Updated: Feb 4, 2021
The case of Revenue and Customs Commissioners v SSE Generation Ltd  will be of interest to anyone involved in capital allowances because it discusses in some detail the application and principles behind the statutory ‘structure’ exclusions contained in the Capital Allowances Act (‘CAA’) 2001 s22 and its potential exemptions in CAA 2001 s23 – List C.
More specifically, how narrowly some of the terms in s22 need to be construed and applied as well as what needs to be considered for claims under s23 that wish to rely on “alterations of land for the purpose only of installing plant or machinery” and “the provision of pipelines or underground ducts or tunnels with a primary purpose of carrying utility conduits”.
The tactics and arguments used by HMRC in defending their interpretation of the above are not unique to the case of SSE and consequently, this case (along with its preceding judgements) has the potential to have wider implications.
Following this latest ruling in the Court of Appeal, SSE Generation Ltd (‘SSE’) is set to largely maintain its original capital allowances claim for its £300m Glendoe Hydro Electric Power Scheme near Fort Augustus above Loch Ness in the Highlands of Scotland which was completed over 10 years ago.
HMRC issued closure notices to SSE for the tax years ending 31 March 2006 to 31 March 2012 after failing to reach an agreement with SSE. They concluded that SSE's profits had been understated in those years as a result of the capital allowances claims made by SSE under Part 2 of the CAA 2001.
SSE appealed against the notices to the First-tier Tribunal (Tax Chamber) (‘FTT') and FTT decided that SSE was entitled to claim allowances for some of the disputed items but upheld HMRC's view on others (see original case article).
HMRC then lodged an appeal before the Upper Tribunal (UT) in respect of some of the items which the FTT had found did give rise to allowable expenditure. The UT disagreed with the FTT's analysis in certain respects and remade the decision largely in SSE's favour (see article). The UT granted permission for HMRC to appeal this decision on 23 December 2019 and it is this latest appeal which is discussed here.
Structures, assets and works
Qualifying expenditure for plant and machinery allowances (PMA’) is defined by a general rule (CAA 2001 s11) to which there are various exceptions. Expenditure is 'qualifying expenditure' if it is spent on plant or machinery, wholly or partly, incurred for the purpose of a qualifying activity.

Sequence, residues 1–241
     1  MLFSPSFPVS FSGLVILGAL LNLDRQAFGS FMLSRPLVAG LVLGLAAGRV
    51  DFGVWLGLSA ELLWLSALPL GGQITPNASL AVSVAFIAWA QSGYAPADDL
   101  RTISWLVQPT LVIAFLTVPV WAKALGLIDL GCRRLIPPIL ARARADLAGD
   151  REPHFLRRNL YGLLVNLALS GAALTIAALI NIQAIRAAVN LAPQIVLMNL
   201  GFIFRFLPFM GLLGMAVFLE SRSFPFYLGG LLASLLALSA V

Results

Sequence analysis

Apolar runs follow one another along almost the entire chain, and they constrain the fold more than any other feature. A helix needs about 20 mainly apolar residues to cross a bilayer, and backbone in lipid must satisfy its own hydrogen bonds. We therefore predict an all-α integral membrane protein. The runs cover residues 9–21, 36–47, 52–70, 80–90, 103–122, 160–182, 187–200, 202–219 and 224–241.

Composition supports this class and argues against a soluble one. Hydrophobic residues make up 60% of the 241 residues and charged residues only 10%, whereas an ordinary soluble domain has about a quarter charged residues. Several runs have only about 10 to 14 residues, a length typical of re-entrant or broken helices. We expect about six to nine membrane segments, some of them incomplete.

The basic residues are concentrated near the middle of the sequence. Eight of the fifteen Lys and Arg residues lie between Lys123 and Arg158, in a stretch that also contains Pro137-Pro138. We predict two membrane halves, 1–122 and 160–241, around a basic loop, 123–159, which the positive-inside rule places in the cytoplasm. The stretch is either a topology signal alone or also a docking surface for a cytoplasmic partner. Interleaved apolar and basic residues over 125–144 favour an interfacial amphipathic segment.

All parties accepted that the items in dispute counted as ‘plant’ and fell within the above general rule; so, the issue at stake was whether the items involved were taken out of the general rule by one of the exceptions.
The key exception in this case is s22(1) which states that “expenditure on the provision of plant or machinery does not include expenditure on: (a) the provision of a structure or other asset in list B, or (b) any works involving the alteration of land”.
List B sets out seven groups of items - Item 1 includes tunnels and aqueducts (two of the key terms in dispute) meaning potentially no PMAs would be available if caught. However, Item 7 of List B contains a ‘sweep-up’ item that brings within List B all structures not covered by Items 1 to 6. However, this is subject to a further carve out for "industrial buildings" which the parties agreed would apply if the expenditure did not fall within Item 1.
Another important issue in the appeal is the relationship between s 22(1)(a) and (b). HMRC argued that they overlapped and that if, despite being a structure, the plant is not excluded from the general rule by s22(1)(a), one must then go on and consider whether it fails s 22(1)(b) and is disallowed via that route.
If the expenditure is caught by s22(1) it will only be eligible for PMAs if it falls within the narrow exemptions contained in s23 – List C which were identified as Item 22 “the alteration of land for the purpose only of installing plant or machinery” and Item 25 “the provision of pipelines or underground ducts or tunnels with a primary purpose of carrying utility conduits”.
The relationship between s22(1)(a) and (b)
One of the difficulties with HMRC’s interpretation of s22(1)(b) is that it would cancel out most of List B. Indeed, there was much discussion and commentary which stated “it was difficult to conceive of the construction of a structure which was an industrial building, but which did not involve any alteration of the land. It was also, therefore, difficult to see what purpose List B served if HMRC's interpretation of the provisions was correct”.